The distributors charged that defendants submitted false statements of gross admission receipts with the intent to induce the distributors to accept less film rental than actually due and to persuade them to grant licenses on a lower percentage rate. The complaint alleged that both defendants engaged in a plan to defraud the distributors by such underreporting and that they breached the contracts by refusing to allow examination of sufficient records to conduct an audit. An accounting, punitive damages, attorney's fees and costs were sought.
The district court conducted a trial without a jury and found for the distributors against both defendants in the amount of $21,332.24, and awarded plaintiffs $5,000.00 attorney's fees.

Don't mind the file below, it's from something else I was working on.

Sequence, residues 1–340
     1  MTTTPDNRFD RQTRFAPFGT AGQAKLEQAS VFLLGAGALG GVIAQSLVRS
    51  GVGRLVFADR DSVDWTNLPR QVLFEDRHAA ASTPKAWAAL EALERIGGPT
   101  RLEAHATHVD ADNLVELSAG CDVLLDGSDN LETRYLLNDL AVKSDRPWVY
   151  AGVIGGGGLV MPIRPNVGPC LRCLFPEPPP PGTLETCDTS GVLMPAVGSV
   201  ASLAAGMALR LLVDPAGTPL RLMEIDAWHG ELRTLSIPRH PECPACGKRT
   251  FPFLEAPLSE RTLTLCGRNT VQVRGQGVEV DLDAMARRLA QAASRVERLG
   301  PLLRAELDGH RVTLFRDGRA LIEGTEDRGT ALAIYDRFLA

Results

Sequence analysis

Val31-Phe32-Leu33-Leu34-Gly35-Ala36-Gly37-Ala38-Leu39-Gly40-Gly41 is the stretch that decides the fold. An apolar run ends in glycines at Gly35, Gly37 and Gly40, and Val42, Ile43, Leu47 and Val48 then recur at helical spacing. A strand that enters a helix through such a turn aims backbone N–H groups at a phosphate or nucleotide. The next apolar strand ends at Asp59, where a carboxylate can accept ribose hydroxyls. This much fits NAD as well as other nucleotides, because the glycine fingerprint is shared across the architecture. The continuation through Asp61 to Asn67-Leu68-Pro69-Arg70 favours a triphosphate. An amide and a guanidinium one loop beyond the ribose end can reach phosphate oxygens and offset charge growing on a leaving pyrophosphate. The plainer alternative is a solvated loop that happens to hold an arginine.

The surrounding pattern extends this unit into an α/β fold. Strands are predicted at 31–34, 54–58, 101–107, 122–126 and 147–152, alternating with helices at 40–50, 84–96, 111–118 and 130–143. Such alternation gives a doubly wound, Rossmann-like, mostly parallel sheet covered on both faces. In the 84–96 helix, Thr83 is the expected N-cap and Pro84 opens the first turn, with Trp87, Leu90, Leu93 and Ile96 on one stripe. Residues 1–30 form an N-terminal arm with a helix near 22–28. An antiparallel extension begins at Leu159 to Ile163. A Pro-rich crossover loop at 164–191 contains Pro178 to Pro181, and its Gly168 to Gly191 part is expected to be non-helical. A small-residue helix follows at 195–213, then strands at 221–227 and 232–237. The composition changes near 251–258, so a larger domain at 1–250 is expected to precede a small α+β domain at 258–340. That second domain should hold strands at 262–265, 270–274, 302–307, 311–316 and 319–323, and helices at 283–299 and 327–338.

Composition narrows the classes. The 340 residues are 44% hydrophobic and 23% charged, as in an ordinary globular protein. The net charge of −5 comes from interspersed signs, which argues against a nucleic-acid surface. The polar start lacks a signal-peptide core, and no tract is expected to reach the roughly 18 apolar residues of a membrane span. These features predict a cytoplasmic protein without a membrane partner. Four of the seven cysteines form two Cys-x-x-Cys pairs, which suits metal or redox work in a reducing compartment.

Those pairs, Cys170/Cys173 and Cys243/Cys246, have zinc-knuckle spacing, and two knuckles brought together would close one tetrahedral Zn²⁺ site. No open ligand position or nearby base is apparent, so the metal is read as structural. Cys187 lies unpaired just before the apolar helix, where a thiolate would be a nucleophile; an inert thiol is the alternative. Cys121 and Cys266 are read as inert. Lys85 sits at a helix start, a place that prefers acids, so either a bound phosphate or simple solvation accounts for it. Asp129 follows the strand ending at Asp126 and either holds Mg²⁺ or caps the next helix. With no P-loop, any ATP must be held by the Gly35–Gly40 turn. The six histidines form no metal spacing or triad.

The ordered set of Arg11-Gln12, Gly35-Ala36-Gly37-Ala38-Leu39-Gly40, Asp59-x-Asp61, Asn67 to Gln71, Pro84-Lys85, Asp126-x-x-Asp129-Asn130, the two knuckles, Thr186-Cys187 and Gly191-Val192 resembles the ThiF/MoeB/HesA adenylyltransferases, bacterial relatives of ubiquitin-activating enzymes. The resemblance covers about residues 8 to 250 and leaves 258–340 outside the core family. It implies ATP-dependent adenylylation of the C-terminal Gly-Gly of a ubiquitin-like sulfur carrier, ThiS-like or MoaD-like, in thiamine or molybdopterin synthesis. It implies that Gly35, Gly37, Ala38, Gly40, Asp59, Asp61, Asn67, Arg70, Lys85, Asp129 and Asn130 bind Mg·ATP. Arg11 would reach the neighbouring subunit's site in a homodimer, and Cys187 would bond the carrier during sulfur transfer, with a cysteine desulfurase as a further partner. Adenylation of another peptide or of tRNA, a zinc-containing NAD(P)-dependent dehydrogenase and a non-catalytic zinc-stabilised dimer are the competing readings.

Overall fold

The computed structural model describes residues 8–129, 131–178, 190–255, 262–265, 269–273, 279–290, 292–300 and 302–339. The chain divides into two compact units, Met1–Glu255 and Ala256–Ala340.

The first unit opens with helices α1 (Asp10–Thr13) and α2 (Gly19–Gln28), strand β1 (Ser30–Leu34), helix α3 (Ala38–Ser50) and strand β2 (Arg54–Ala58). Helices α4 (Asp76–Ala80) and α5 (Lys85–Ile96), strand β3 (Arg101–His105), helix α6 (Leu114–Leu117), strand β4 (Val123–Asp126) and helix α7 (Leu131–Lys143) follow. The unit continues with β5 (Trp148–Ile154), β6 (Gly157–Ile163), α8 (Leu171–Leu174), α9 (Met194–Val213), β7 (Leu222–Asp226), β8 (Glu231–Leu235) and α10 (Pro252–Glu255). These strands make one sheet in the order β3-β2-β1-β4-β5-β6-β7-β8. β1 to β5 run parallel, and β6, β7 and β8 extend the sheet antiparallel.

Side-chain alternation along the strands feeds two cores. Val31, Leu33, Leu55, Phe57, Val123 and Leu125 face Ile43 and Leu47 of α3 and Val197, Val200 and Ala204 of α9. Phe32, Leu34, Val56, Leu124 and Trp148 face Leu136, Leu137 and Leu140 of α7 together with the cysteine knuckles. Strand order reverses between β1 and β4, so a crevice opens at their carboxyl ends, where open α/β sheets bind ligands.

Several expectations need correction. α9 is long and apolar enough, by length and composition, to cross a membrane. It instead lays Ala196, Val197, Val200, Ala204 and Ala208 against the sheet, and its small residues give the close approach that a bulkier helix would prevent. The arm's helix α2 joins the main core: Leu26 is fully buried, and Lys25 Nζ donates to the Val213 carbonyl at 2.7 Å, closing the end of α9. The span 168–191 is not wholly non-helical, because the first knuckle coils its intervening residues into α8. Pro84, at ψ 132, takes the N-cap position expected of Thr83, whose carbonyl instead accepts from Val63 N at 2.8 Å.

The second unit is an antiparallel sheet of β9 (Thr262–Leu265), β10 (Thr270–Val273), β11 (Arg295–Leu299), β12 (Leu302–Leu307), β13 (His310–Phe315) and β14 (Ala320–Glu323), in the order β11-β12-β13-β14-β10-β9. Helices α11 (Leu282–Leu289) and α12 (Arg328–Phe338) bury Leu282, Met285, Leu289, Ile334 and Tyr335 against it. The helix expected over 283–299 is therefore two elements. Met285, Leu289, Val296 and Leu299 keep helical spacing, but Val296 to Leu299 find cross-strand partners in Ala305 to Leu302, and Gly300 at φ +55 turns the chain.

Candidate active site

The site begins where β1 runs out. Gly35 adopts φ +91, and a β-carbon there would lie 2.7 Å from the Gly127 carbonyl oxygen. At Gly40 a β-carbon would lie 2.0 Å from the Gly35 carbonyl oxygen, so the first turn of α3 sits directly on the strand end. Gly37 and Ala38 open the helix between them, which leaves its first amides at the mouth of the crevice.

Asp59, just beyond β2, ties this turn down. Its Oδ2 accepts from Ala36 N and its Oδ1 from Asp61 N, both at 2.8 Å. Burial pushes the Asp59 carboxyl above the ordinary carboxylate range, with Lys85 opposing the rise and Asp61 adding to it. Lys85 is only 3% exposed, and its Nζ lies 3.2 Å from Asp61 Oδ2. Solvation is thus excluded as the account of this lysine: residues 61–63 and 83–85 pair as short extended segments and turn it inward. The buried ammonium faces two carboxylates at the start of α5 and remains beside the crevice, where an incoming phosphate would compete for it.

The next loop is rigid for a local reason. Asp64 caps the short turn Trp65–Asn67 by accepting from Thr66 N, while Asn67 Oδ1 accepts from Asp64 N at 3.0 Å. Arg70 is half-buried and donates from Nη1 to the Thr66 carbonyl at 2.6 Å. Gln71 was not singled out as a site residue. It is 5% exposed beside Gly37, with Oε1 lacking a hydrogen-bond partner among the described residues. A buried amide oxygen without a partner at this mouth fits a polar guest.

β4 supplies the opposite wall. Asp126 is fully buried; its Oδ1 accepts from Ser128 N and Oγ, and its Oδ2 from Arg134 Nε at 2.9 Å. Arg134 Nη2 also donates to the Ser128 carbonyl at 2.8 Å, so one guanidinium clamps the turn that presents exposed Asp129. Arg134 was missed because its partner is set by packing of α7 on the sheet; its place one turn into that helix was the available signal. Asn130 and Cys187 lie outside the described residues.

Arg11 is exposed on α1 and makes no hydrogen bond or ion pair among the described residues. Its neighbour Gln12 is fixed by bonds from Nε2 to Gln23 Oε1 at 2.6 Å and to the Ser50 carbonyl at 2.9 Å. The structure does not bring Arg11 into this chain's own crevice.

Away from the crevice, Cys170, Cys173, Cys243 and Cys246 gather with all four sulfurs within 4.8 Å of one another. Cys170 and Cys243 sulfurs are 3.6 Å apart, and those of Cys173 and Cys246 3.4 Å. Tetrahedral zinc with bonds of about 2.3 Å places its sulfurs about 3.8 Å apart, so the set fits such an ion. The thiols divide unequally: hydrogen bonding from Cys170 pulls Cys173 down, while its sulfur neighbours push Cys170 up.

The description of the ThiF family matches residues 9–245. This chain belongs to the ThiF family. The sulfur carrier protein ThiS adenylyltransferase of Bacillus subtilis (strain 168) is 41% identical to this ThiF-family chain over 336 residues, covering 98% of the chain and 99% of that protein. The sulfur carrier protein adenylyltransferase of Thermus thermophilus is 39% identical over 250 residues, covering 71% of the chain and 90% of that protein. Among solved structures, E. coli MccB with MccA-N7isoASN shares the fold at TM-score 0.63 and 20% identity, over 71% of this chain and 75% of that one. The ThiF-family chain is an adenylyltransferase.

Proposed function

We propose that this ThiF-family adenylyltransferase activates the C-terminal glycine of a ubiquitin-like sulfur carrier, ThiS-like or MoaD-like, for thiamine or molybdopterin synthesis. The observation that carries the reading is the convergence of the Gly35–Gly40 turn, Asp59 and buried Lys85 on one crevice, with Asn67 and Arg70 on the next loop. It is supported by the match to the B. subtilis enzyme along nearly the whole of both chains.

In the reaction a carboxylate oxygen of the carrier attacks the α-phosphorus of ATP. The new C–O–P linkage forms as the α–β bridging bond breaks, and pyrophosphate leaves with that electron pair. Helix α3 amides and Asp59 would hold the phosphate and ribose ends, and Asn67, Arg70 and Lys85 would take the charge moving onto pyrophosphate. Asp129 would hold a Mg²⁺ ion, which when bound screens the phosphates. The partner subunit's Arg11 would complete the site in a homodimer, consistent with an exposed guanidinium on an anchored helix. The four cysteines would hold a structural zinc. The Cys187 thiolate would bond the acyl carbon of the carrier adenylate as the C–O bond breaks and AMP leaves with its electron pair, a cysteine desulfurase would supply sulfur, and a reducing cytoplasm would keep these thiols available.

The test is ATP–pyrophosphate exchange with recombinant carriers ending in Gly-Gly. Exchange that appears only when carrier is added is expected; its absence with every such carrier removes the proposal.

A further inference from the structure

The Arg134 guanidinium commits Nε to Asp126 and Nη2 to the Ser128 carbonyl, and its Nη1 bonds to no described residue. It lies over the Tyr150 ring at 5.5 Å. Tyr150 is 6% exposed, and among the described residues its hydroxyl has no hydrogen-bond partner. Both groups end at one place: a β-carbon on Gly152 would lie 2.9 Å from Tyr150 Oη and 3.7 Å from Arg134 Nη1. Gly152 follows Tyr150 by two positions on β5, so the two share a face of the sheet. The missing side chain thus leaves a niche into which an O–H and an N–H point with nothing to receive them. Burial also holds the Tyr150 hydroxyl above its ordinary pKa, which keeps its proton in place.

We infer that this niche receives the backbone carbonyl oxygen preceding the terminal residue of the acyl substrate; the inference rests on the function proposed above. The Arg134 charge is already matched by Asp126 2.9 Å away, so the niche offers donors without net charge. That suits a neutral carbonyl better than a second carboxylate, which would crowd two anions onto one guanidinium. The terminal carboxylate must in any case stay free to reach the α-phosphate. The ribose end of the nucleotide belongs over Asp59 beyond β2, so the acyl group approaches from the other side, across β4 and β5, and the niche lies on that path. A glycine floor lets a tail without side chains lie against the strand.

* On May 7, 1974, several months after the time prescribed by Fed.R.Civ.P. 38(b) had expired, defendants requested a jury trial. Plaintiffs did not file a response to this request. In one of several pretrial orders, dated October 12, 1976, the court granted the jury demand. On July 20, 1977, a few days before trial was to commence, plaintiffs for the first time moved to have the case tried without a jury, pointing out the lateness of the demand by defendants and, in a supporting brief, arguing that this was an accounting action for which there is no right to jury trial. Two days later the court entered an order vacating its previous decision and denying the jury trial. At the outset of trial the court explained its reasons: